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· Freedom isn't free
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This is a pretty old thread, but if it's good enough for bob....
I'd add that as a starter boat, it's a good sailing boat. Now these boats can be had all day long for under $5k... finding one that is dry is tough. A good friend of mine just sold his to get rid of it for $3000, and it was a lot of boat (in great shape with a lot of sails) for $3500 (boat, motor and trailer, with like 10 sails).

That being said, the J/24 has some caveats for a new sailor, that mostly apply to someone wanting to trailer it. It's a keel stepped mast (making it difficult but not impossible for 2 or 3 people to step the mast)... It's a deep fin keel, so trailer launching is "exciting" if you've never strap launched a keel boat. Once you get over those 2 hurdles though, it's a spritely boat, that sails well in light air. I think it holds up nicely as the winds come up, but you need more crew on to keep her flat. If the above caveats are an issue, the J/22 is a slightly newer platform with a deck stepped mast.
 

· Freedom isn't free
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Perhaps, I've figured out why sailing has become a less popular sport these days. I've sailed a Catalina 22... and it's like sailing a brick. It's OK a couple boats I've sailed (and owned) were bricks too... its fine if you'd rather a wine and cheese cruise.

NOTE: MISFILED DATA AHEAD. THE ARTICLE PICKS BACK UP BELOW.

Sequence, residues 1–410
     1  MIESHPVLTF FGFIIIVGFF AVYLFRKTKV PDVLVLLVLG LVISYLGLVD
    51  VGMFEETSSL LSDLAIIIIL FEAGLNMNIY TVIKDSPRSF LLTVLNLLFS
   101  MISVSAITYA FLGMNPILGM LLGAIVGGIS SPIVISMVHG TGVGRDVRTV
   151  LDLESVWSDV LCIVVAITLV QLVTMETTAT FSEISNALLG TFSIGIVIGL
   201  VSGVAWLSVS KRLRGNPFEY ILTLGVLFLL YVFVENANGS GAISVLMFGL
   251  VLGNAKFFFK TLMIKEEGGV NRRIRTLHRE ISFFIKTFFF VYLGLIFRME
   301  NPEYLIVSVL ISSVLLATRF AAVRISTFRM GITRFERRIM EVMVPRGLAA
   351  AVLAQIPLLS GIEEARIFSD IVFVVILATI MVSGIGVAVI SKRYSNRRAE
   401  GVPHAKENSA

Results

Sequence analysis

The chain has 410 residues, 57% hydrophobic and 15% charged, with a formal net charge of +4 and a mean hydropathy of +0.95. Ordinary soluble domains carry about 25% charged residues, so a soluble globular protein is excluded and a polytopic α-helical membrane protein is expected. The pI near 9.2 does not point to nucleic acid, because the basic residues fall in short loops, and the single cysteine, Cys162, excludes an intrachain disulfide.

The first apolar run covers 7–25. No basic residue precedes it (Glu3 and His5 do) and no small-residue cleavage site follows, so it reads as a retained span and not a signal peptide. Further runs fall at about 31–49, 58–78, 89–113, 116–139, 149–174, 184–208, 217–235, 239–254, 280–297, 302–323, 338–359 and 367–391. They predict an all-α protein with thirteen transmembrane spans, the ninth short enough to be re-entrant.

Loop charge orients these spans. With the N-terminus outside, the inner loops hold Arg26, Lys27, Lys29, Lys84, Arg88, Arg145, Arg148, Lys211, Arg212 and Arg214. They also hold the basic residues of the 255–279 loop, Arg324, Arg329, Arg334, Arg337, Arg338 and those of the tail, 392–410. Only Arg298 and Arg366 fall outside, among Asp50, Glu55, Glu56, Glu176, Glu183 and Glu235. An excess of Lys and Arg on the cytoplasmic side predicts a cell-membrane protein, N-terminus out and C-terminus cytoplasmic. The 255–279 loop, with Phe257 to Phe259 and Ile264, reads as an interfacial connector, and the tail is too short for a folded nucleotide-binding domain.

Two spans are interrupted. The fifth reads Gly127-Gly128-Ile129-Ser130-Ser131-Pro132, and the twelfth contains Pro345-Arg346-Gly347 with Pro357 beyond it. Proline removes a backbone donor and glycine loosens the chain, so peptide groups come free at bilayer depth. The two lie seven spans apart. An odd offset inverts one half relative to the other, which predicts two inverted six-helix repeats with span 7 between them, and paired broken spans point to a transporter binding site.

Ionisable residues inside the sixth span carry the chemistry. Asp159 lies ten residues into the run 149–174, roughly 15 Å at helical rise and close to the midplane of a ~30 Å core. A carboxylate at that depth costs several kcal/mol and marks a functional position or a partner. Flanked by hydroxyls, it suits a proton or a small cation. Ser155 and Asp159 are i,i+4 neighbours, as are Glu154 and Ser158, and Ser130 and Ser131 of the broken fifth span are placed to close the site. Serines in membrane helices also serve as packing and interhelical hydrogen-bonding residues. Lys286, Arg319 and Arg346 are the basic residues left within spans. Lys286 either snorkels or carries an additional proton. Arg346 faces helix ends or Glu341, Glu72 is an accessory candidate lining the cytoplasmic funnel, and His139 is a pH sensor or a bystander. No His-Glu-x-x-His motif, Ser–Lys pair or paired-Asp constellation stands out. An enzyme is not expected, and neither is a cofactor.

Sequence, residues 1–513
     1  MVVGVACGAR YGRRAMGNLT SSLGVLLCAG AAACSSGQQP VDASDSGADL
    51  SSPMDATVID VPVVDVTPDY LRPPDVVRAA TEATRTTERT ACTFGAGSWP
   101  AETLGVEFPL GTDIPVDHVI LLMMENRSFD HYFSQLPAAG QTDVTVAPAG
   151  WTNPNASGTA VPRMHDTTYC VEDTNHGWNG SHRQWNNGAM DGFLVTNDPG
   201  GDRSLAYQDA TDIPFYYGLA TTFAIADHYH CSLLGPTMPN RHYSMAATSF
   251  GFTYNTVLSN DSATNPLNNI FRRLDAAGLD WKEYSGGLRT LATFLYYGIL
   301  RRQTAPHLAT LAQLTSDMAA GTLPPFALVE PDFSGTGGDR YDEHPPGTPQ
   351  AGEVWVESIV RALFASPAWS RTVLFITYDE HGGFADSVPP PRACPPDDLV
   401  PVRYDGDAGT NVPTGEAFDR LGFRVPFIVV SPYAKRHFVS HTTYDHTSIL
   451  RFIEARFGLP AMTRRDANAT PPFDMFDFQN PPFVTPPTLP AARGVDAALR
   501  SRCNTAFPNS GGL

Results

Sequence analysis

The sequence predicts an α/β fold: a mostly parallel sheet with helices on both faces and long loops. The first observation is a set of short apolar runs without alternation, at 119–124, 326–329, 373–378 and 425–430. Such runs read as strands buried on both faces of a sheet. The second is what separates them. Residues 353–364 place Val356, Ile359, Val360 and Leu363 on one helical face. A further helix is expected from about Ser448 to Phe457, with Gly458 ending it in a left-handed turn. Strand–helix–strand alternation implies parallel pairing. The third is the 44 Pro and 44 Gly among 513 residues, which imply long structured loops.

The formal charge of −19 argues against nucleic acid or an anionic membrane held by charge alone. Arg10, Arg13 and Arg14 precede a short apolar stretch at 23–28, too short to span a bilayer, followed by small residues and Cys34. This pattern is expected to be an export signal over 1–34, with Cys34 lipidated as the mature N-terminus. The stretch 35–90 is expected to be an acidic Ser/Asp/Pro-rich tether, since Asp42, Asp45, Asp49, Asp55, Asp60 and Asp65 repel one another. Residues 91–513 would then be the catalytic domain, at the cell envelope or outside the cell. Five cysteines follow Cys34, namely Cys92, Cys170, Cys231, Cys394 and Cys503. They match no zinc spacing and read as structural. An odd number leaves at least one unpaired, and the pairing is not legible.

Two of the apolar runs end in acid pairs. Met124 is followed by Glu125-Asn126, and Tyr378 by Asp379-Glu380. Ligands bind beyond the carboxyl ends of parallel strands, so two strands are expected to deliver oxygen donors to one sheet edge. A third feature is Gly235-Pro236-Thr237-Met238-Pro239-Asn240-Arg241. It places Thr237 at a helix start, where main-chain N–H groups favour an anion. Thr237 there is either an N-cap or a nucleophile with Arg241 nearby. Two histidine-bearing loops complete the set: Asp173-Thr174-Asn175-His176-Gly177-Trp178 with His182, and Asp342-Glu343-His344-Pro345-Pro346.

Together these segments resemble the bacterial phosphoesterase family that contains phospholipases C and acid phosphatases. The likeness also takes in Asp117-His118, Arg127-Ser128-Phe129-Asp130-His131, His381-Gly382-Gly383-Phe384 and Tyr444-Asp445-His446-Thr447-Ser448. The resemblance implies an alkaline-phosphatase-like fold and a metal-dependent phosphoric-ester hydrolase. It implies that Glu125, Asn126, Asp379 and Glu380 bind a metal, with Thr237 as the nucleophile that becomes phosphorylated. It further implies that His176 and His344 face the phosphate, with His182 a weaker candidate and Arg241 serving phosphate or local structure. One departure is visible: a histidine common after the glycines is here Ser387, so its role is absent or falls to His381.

We might be able to keep more people sailing if what they first sailed was a little more "spirited." Perhaps that's how you get the younger water-skier types to stick with sailing anyway... But this is why when I see these first boat threads (and again this is a VERY old thread, but you know someone will search it) and the Catalina 22 comes up, I champion, no BEG, that the newbie consider a Capri 22... it's nearly as popular a boat as the Cat 22, just as easy to find parts for, sails better, and is still made! But if someone got a deal on a J/24? It's not a bad way to start. I'd say start with the main only though.

Broach? Not sure how many newbie sailors are going to try a spinnaker honestly, but OK... lets assume since the boat has one, a newb goes OK, lets try the colorful sail! By the time they get around to "Trying" I would think they'd know enough about the boat to not try it in 20 knots breeze. Anything under say 10 knots, and even newb will have time to figure out what to do...
 

· Freedom isn't free
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Colgate 26, is a great starter boat, and is used by many ASA schools to teach.

I'm thinking someone would need to work hard to broach a J24 in under 20 knots wind without a spinnaker. Perhaps we define broach differently. To me a broach includes water in the cockpit, water in the sails (well past 45 degrees, more like 70). I've never broached without a spinnaker involved. I suppose I did a lot in my Centerboard boat. My own boat won't heel past 35 degrees without a hard roundup, so a broach isn't a white sails event without massive waves. The J/24 can't be much different. There is an exception of course, which is if the lazarette hatches flop open and fill with water (yep my Capri 25 was designed the same way, so I set about to fix that).

By the way the Colgate 26, is also a pretty racer centric boat as well.
 
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